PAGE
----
[PERS ID:3882]PatientReverend Archibald Stevenson (of St Madoes)
[PERS ID:2177]Patient's Physician / Surgeon / ApothecaryDr Colin Robertsone (Robertson)
[PERS ID:1]Patient's Physician / Surgeon / ApothecaryDr William Cullen (Professor Cullen)
[PERS ID:1629]Other Physician / SurgeonDr Francois Boissier de Sauvages de Lacroix (Sauvages, Sauvage)
[PERS ID:3883]Patient's Relative / Spouse / FriendMr James Stevenson

Places linked to this document

Role in document Specific Place Settlements / Areas Region Country Global Region Confidence
Place of Writing Cullen's House / Mint Close Edinburgh Edinburgh and East Scotland Europe certain
Destination of Letter Perth Mid Scotland Scotland Europe inferred

Normalized Text

[Page 1]
Revd. Mr. Stevenson
Dear Sir


I am favoured with yours and am heartily
concerned to find that Mr. Stevenson continues to be
so much distressed but as you have never yet tried
the Citrinum I do not despair of his relief and I must
give you some remarks upon the administration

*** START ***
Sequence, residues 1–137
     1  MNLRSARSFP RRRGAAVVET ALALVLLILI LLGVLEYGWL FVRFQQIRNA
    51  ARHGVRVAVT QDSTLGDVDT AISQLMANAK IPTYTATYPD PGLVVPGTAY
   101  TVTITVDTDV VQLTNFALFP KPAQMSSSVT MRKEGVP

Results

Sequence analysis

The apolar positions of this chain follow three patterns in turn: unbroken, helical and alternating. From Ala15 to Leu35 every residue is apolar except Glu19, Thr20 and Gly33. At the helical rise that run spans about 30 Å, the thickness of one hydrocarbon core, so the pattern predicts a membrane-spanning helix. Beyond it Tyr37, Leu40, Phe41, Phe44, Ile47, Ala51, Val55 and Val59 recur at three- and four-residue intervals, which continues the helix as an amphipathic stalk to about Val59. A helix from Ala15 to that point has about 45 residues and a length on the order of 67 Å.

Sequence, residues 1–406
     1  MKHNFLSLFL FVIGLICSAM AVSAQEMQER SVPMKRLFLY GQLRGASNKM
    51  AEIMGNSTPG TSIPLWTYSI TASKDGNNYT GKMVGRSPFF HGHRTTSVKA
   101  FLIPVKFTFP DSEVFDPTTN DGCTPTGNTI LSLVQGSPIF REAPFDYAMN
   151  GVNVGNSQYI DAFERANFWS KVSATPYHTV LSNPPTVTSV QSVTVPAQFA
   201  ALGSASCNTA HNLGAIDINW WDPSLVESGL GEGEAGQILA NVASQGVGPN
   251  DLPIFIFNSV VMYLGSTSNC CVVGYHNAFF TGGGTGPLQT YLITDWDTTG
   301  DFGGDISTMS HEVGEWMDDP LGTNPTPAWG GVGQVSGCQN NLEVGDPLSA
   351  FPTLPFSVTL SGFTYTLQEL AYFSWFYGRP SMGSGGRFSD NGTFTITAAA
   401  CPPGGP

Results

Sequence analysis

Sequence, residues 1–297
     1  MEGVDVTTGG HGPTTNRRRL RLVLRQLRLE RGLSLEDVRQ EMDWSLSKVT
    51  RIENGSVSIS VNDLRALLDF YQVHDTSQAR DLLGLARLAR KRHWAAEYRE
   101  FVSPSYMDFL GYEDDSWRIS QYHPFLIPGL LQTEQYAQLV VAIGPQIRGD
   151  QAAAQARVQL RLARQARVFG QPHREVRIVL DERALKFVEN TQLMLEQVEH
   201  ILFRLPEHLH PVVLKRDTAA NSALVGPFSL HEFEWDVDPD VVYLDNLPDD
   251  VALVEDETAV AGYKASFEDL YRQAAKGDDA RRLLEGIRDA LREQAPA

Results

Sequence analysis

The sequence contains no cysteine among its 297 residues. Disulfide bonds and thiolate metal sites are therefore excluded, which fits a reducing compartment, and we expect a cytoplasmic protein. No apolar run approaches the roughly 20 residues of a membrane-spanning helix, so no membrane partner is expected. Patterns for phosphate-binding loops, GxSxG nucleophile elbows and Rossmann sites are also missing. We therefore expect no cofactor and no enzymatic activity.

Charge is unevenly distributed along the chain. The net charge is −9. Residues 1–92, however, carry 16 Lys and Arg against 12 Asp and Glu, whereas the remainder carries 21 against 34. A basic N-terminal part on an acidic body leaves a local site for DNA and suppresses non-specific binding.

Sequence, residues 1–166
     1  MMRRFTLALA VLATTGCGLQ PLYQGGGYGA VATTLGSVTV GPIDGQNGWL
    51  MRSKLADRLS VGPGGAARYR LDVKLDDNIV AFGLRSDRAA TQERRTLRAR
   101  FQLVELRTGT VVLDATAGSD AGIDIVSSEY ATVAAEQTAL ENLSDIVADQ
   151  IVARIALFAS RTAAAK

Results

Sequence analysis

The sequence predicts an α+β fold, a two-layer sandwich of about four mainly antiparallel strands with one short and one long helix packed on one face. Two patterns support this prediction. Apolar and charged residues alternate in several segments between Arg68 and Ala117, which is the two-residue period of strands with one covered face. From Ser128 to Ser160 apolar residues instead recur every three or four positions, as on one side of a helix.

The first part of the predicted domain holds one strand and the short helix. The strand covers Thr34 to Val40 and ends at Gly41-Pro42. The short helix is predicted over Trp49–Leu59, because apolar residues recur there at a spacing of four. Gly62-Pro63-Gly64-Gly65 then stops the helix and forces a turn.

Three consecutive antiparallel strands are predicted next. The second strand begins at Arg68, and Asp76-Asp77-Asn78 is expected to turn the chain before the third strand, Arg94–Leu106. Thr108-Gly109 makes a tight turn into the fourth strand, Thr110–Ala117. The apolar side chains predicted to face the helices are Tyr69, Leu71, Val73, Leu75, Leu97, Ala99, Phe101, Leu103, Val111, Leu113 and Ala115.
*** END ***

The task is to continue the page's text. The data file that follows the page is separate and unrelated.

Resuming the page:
of it. You must take care to have it exceedingly
well rubbed in a glass or Stone Mortar (not
Marble) with double its weight of Axungia Porci¬
na
. In this condition I have found it less irrita¬
ting then the common Mercurial Ointment, than
any ointment mixed with precipitate or other
Mercurial and than even the saturnine ointment.
When you apply it ↑apply it↑ to a single member as the
Arm from the Elbow or the leg from the knee
downwards. Repeat such application once a day



[Page 2]

for three or four days and in that time {illeg}
clearly how far it gives an irritation that might prevent
its further application. At the same time you will
discern how far the disease is purely a a topical Cutaneous
affection for it is upon that supposition only that
I expect the Citrinum can be of use and it is indeed